The good news is they keep playing hard, and have been competitive. They aren’t laying down for anyone. The bad news is they have to go to Denver next week, where Brock Osweiler has somehow managed to win two games in a row, last week against the previously unbeaten Patsies and today on the road in San Diego.

Game Grades: Raiders at Titans

Full game stats here.

Pass Offense: Statistically a stronger game than the final score might indicate. Derek Carr had 24 completions on 37 attempts for 330 yards, 3 TD and no interceptions. The offensive line continues to provide superb protection for Carr, allowing only one sack this game, and just 14 total on the season so far. (Carr’s quick release and ability to read blitzes doesn’t hurt in that department either.) Amari Cooper bounced back from a mini-slump (for him) with 7 receptions for 115 yards. Seth Roberts had a career day with 6 receptions for 113 yards and 2 touchdowns. Michael Crabtree didn’t post many yards (4-19), but made them count, with a nifty 7-yard touchdown grab in the front corner of the end zone. Mike Rivera only had two catches, but both of them were clutch.

Considering Tennessee’s formidable pass rush and the heavy rains throughout the game, the Raiders’ ability to make their pass package work is all the more impressive. The only blemish on the day was Derek Carr’s lost fumble of a snap late in the fourth quarter, but again the weather accounts for 99% of that.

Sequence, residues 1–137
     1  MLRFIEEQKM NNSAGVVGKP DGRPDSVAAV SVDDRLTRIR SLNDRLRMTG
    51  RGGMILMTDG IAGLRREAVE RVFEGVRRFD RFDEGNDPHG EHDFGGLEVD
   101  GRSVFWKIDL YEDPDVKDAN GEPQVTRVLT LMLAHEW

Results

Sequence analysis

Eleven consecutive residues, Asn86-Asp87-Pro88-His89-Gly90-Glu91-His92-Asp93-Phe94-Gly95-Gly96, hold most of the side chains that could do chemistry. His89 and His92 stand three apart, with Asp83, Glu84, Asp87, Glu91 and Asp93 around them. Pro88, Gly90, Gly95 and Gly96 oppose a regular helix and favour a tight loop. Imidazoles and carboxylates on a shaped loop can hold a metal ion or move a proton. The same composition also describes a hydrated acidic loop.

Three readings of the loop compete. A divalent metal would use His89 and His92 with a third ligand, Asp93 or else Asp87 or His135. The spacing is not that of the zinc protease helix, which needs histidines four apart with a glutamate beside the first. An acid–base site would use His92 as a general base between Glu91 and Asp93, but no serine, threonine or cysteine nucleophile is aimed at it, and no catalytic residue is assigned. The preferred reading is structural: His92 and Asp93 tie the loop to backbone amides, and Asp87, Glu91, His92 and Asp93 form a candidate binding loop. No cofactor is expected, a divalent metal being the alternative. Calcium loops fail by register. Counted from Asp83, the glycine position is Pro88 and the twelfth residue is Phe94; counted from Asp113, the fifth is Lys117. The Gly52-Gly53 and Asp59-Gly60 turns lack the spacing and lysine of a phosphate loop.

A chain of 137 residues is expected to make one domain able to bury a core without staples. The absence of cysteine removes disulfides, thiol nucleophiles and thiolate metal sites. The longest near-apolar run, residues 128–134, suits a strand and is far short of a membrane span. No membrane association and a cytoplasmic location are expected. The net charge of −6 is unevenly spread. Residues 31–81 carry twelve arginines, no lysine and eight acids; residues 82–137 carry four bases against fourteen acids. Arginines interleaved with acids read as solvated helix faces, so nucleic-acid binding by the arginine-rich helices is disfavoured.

Grade: A-

Rush Offense: The running game still needs some work, though the Raiders at least committed to it more than they have been lately. Latavius Murray gained 59 yards on 22 carries. Jamize Olawale had just 2 carries for 17 yards, but they were both impressive carries, and helped boost the meager YPC average to just over 3.0 yards. As good as the Titans’ pass defense may be, their run defense is in the middle of the league, and between that and the weather, it’s a bit of a surprise that the Raiders weren’t able to make more out of their running game. Backup center Tony Bergstrom has done well while starter Rodney Hudson nurses his injured ankle, but Hudson is a better run blocker, and should improve the rushing attack when he returns.
Grade: C

Pass Defense: For the most part, the defense did pretty well in containing Marcus Mariota, who ended up going 17-37-218-3-2. Khalil Mack registered two sacks on Mariota, and the rest of the team harassed him throughout the day, pressuring him into making bad throws and capitalizing on it. Tight end coverage continues to be an issue, as Delanie Walker had 6 receptions for 91 yards, and backup TE Craig Stevens burned the Raiders for a 20-yard TD catch, his only catch of the day. David Amerson had a nice interception to offset a special teams turnover a few plays earlier, and Nate Allen sealed the game with his interception. Amerson looks like he’s replacing DJ Hayden as starting corner.